There are limitations to our study that deserve mention. Although the HIV reservoir has been shown to be relatively stable over time [51,92,93], our cross-sectional design provides only a ‘snapshot’ after a median of 5.1 years of ART suppression and may not reflect genetic associations with reservoir decay. Second, as is characteristic of many U.S.-based HIV+ cohorts, our San Francisco-based population consisted mostly of males of European ancestry. Population stratification is a critically important potential bias in any multiethnic genomic study. We approached this potential bias in at least three ways [36,94]: first by calculating principal components and including these as covariates in the final models, second by including a genetic relatedness matrix (GRM) in the models, and finally by performing stratified analyses, focusing on the largest homogenous subpopulation (European ancestry). Overall, the findings observed in the European group did not overlap with the non-Europeans in our small study (Table S9, Supplemental Digital Content, Third, the majority of the HIV reservoir persists in lymphoid tissues [95,96]. Although recent data suggests that the tissue compartment largely reflects (and is the likely source of) the peripheral compartment [44,96,97], our study may not be generalizable to the tissue HIV reservoir. Fourth, intact HIV DNA represents the potential replication-competent reservoir. Although we observed several genes that were significantly associated with intact HIV DNA in the GSEA, individual genes did not meet statistical significance. The majority of the HIV reservoir consists of defective HIV; thus, quantifying the frequency of ‘intact’ (e.g. replication-competent) reservoir is challenging [83,98,99]. For example, HIV intact DNA was undetectable in over half of our measured samples while total DNA was measurable in 95% of samples (Figure S6, Supplemental Digital Content, Hence, the statistical power to detect SNP associations is much lower for this assay compared to the other reservoir measures. By performing GSEA (a method that aggregates several rare variants into immunologically relevant ‘gene sets’ to test for an association with HIV reservoir size), we may have enhanced the ability to detect real associations with HIV intact DNA (Fig. 3, Table S8, Supplemental Digital Content,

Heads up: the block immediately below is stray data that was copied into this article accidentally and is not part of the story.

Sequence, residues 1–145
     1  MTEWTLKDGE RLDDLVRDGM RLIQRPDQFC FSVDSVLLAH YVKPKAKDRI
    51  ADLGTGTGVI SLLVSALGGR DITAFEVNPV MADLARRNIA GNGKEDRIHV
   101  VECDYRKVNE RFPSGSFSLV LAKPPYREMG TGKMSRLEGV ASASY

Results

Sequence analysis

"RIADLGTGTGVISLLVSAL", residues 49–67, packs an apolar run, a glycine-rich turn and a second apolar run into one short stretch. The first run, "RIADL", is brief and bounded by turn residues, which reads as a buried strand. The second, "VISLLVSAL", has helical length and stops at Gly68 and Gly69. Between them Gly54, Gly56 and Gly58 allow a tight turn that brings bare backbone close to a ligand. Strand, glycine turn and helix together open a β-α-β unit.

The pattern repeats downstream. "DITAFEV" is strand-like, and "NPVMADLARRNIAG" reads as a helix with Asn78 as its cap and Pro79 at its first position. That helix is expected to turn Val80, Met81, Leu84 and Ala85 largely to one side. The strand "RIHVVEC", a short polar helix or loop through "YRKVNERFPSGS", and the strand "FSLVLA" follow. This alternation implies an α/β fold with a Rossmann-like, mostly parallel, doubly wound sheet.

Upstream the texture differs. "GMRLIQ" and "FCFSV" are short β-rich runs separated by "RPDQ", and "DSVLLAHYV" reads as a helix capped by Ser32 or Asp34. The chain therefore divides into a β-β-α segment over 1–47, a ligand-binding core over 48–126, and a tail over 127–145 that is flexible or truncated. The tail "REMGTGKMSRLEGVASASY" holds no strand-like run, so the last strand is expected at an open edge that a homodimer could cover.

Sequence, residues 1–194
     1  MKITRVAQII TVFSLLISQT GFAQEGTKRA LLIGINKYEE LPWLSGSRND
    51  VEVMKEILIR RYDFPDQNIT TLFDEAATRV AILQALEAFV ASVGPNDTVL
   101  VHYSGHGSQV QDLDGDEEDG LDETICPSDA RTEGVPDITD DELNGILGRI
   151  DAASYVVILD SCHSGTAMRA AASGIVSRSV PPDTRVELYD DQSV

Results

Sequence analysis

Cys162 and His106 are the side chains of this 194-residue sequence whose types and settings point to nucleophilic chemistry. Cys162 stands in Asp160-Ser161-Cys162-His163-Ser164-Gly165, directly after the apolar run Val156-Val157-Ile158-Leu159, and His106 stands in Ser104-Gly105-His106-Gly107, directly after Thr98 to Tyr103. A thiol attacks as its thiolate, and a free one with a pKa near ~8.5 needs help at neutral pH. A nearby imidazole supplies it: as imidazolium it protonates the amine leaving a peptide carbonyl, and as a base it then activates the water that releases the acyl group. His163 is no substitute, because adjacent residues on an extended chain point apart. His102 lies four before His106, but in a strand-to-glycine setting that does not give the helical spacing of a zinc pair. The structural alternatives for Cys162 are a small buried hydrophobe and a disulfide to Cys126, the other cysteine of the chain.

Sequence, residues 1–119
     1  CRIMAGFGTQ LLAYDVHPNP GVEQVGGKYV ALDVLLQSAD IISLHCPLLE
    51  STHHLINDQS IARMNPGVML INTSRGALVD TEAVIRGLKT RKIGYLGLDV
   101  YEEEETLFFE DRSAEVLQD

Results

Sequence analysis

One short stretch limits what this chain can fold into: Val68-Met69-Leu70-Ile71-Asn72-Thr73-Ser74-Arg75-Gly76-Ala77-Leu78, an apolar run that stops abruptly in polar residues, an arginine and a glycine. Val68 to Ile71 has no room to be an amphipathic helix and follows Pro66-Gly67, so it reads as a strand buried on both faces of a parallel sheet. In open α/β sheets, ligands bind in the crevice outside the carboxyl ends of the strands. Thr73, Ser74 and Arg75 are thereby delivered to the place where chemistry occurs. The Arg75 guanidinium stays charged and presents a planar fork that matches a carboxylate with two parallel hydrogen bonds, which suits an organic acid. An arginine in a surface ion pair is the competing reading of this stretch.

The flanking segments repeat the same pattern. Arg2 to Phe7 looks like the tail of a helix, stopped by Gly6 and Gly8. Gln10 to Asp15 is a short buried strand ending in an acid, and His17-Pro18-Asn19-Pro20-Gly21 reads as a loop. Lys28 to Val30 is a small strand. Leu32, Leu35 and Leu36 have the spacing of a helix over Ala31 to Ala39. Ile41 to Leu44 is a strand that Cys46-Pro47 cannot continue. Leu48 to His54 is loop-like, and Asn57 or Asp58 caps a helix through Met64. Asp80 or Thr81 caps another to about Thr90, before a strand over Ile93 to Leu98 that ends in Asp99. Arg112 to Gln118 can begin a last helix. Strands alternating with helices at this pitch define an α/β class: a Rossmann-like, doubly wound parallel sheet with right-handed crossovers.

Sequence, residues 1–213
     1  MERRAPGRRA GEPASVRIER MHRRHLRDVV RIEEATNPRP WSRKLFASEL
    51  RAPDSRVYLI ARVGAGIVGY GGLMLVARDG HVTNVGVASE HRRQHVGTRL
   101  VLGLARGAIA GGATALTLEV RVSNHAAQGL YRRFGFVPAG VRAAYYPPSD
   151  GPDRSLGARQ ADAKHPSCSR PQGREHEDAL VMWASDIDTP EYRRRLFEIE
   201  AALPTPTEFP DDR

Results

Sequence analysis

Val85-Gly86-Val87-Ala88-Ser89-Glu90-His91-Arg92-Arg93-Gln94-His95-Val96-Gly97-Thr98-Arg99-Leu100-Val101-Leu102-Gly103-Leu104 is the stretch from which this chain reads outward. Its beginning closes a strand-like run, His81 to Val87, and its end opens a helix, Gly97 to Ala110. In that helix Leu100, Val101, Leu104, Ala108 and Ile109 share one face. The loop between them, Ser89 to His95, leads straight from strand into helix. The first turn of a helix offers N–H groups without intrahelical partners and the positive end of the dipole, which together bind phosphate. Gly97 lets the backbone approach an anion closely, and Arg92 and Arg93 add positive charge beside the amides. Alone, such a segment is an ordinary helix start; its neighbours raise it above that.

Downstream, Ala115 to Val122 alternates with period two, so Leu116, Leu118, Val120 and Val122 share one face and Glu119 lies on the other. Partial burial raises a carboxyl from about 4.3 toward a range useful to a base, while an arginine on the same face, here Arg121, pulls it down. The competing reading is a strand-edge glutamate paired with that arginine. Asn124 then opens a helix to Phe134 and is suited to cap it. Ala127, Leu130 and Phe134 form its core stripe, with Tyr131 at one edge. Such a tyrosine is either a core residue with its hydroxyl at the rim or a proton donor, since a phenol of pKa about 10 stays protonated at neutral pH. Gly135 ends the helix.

Our findings are in contrast to two recent genomewide HIV reservoir studies, which did not identify an association with MX1, HLA-B∗57:01, or CCR5Δ32, nor reported similar findings to each other [100,101]. The first study performed GWAS microarray genotyping and whole exome sequencing, measured HIV tDNA from PBMCs (not CD4+ T cells), and imputed HLA alleles (from genotypes), and did not report significant associations with HLA alleles, CCR5Δ32, or SNPs [100]. The second study performed GWAS microarray (no HLA or CCR5Δ32 typing) and measured HIV tDNA and usRNA from CD4+ T cells. They reported a significant association between tDNA and a SNP in PTDSS2 (phosphatidylserine synthase 2) at genomewide p < 5 × 10−8[101], which was not statistically significant in our analysis. Given the polygenic nature of the host immune response, comparing genomic studies can be challenging, let alone for studies of the HIV reservoir (often measured in different ways, from different sample types). Furthermore, how the genetic code translates from DNA to RNA to protein varies by cell type and tissue [102]. Indeed, prior genomewide association studies identifying strong genetic predictors such as HLA and CCR5Δ32 are estimated to explain only ∼13% of the variability in viral load [103]. Using a tool for genome-wide complex trait analysis (GCTA) [104], we performed a similar calculation for our HIV tDNA phenotype. The heritability of our results were estimated to be up to 0.78, but the error bars were large (±0.94), suggesting that the contribution of host genetics in determining the HIV reservoir size likely varies widely (especially when comparing small genomic studies).